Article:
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Intersection: Guns & Hurricanes

Photo courtesy NPR
Photo courtesy NPR

After the mass shooting in Las Vegas politicians in Florida responded with thoughts and prayers for the victims, and in some cases policy.

As details about the shooting emerge some lawmakers are renewing calls for restrictions on certain types of firearms and accessories. So what’s the political appetite in Florida for some of this legislation?

Former democratic state lawmaker, Dick Batchelor, and republican political analyst, Chris Carmody joined Intersection to talk about new firearms policies.

Batchelor said bump stocks, which make the firing rate of a semi-automatic weapon faster, should be just as difficult to get as an automatic weapon.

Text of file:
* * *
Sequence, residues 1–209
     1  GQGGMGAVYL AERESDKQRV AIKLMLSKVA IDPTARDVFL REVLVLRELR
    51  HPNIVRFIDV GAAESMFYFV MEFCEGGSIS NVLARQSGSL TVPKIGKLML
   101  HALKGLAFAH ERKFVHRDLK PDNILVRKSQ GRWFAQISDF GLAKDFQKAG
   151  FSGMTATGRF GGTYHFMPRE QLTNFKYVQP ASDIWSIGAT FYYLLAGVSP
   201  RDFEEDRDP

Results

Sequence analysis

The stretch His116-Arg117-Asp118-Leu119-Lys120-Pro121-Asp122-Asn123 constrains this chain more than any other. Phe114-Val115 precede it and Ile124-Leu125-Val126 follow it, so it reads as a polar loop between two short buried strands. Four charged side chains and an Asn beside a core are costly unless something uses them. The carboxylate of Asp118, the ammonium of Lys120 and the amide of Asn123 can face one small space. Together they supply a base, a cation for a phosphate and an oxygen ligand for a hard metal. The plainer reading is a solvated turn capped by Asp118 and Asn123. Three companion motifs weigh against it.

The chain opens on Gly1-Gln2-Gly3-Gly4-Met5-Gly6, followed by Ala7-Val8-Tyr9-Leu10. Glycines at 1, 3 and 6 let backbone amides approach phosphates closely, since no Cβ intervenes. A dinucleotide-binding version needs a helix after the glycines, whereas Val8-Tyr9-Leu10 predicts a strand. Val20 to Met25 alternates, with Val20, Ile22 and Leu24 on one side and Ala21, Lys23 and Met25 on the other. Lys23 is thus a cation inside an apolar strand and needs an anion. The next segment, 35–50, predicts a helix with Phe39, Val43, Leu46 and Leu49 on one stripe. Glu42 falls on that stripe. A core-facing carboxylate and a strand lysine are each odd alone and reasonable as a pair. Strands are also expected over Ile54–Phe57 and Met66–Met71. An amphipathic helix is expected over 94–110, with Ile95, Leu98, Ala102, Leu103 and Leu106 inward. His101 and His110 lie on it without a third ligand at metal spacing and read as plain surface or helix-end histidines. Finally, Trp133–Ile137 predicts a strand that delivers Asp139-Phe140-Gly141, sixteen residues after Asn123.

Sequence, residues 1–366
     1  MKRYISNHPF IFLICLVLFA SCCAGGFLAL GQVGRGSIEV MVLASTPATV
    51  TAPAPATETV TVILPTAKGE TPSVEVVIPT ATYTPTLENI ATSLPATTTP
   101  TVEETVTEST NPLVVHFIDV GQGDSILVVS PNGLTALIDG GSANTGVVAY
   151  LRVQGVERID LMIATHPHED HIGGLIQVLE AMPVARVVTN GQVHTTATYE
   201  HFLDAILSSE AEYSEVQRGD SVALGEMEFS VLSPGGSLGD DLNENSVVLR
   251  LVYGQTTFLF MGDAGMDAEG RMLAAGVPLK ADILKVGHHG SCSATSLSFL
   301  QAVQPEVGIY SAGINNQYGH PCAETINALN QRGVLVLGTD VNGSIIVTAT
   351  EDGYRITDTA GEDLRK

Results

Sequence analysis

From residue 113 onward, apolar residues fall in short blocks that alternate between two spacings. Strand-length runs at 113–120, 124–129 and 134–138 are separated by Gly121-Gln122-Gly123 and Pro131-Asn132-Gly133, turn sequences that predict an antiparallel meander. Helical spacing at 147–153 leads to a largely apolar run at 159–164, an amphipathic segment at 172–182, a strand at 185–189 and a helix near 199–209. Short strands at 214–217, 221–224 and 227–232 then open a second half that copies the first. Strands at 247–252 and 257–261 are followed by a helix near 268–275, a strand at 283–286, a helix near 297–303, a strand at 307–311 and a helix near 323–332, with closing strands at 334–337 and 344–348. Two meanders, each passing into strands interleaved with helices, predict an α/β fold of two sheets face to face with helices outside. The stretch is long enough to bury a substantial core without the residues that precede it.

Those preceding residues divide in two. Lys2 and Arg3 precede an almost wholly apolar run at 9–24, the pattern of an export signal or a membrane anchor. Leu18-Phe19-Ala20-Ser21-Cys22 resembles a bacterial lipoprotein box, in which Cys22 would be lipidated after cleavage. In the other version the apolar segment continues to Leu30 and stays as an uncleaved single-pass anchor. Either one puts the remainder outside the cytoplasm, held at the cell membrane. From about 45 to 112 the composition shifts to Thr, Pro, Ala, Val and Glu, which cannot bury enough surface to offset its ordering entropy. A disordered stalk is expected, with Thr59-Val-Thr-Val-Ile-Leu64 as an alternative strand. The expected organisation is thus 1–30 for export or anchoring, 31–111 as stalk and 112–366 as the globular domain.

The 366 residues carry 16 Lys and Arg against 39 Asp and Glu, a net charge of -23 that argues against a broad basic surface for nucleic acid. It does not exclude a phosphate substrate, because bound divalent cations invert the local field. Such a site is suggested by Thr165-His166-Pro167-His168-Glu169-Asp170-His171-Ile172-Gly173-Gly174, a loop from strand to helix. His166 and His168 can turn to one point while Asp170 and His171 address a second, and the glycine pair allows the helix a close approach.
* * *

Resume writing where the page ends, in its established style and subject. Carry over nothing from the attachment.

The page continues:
"If you had some hoops to jump through [to acquire an automatic weapon], wouldn't you not also require it for a device that will allow you to convert from a semi-automatic to an automatic?" Batchelor said.

Carmody said there is a glimmer of bipartisanship when it comes to putting more control on bump stocks. It just depends on filing the legislation and pushing it through, he said.

"It's certainly there, I kind of view the NRA or at least more specifically the second amendment as sort of like an allegiance to their favorite pro-sports team," Carmody said.

"No matter how bad the team gets it seems as if you stick to the team."

Batchelor and Carmody also discuss how elected leaders responded to hurricanes Maria and Irma. Politicians from both sides of the aisle have been visiting Puerto Rico to find out what the island needs as it begins the long road to recovery from the devastation of Hurricane Maria and how it could affect Florida.